I Like the Idea of Being South African, But I’m Indian, says Writer Imraan Coovadia
Authors begin writing with that which is familiar, says Imraan Coovadia, whose ancestors first came to South Africa at the same time as Gandhi. For writers belonging to the Indian diaspora, what is familiar is the feeling of growing up in a nation that should have been home but still makes them feel estranged.
“I had knowledge about the Indian community in South Africa,” says Coovadia, who is also the director of creative writing at the University of Cape Town. “As you get older you want to write about more universal themes, you want to write about humanity as a whole.”
His first novel, The Wedding, was based in Mumbai and South Africa, and is partly based on the story of his grandparents and loosely on the Taming of the Shrew.
“I’m clearly Indian and Muslim at some level. I like the idea of being South African,” he says, adding half in jest that one must live in Cape Town for 30 years to be accepted. Coovadia, 47, believes it becomes difficult to sustain identities at a certain point. As a Muslim, he doesn’t want to be dragged along with actions of some extremist groups.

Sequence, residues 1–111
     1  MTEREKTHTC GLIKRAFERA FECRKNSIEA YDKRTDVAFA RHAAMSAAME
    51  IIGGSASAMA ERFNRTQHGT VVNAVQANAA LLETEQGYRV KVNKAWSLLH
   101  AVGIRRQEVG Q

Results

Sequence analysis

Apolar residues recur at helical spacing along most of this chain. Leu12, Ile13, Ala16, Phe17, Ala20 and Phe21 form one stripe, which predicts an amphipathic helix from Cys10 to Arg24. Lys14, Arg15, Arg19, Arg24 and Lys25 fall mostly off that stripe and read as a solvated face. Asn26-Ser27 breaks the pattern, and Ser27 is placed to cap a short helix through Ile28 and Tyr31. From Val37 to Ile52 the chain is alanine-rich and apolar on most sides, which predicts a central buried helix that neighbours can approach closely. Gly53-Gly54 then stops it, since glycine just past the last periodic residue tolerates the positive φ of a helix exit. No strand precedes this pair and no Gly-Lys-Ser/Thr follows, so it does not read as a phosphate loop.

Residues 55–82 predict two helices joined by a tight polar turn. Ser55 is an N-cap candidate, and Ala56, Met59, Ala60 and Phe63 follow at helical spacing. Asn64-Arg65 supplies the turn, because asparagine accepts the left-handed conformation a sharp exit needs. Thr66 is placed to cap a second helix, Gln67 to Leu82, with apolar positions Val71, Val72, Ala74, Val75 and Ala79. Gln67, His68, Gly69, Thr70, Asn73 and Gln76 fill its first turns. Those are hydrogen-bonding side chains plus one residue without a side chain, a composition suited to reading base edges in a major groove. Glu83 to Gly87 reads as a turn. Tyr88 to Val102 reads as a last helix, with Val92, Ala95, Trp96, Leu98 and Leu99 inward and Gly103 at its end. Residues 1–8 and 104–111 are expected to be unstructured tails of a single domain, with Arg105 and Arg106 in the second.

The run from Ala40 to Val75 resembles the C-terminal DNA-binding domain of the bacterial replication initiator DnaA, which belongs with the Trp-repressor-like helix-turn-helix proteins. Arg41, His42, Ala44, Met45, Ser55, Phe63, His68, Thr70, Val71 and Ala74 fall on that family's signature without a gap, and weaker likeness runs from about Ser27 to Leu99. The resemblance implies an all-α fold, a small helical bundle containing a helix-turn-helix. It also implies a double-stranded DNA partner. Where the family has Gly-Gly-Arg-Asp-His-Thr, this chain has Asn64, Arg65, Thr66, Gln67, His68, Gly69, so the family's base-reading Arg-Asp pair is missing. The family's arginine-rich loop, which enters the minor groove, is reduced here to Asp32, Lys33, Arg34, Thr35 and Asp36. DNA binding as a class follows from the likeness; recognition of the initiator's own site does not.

“When you watch South Africa collapsing it’s quite hard to think that I will die for this country or I want to devote my life to a country that’s unraveling. It makes no sense. I ask myself if these are particular identities that I would sacrifice for? You sacrifice for your children, for your family, to your values to some level, for other things you need to make sure that you’re sacrificing for the right thing,” he says.
He is clearly perturbed with the unwillingness shown by Indians in South Africa to mingle with the rest of the population. In fact, political leaders in the nation have accused Indians of treating Black Africans as inferior.
“People were living in specimen boxes, everybody was caught in a particular situation. I also became interested in it from a literary point of view,” he says, talking about how people are involved in their particular situations in a local, narrow way, where they wake up in the morning and go through the day. “Not really connected to the world, that was my thinking behind what I was trying to do,” he says of his early novels, The Wedding, Green Eyed Thieves, and High Low In-Between. His latest work, Tales of the Metric System, also focuses on South Africa.
Despite the years he spent in the United States, studying philosophy at Harvard, and then earning his doctorate at Yale, Coovadia says he could not write very successfully about the American experience. “There was a real problem with me living there,” he elaborates. “I somehow couldn’t see it from outside in a way that you need to see it.”
However, geography, he feels, only plays a role to some extent to influence one’s writing. “Sometimes it’s quite hard to write about your home and then actually when you move you can see your home more clearly,” he says, talking about how a writer should be able to make up the mood of a society despite never visiting the place. His next novel, for instance, has scenes set in future Morocco, where he has never been.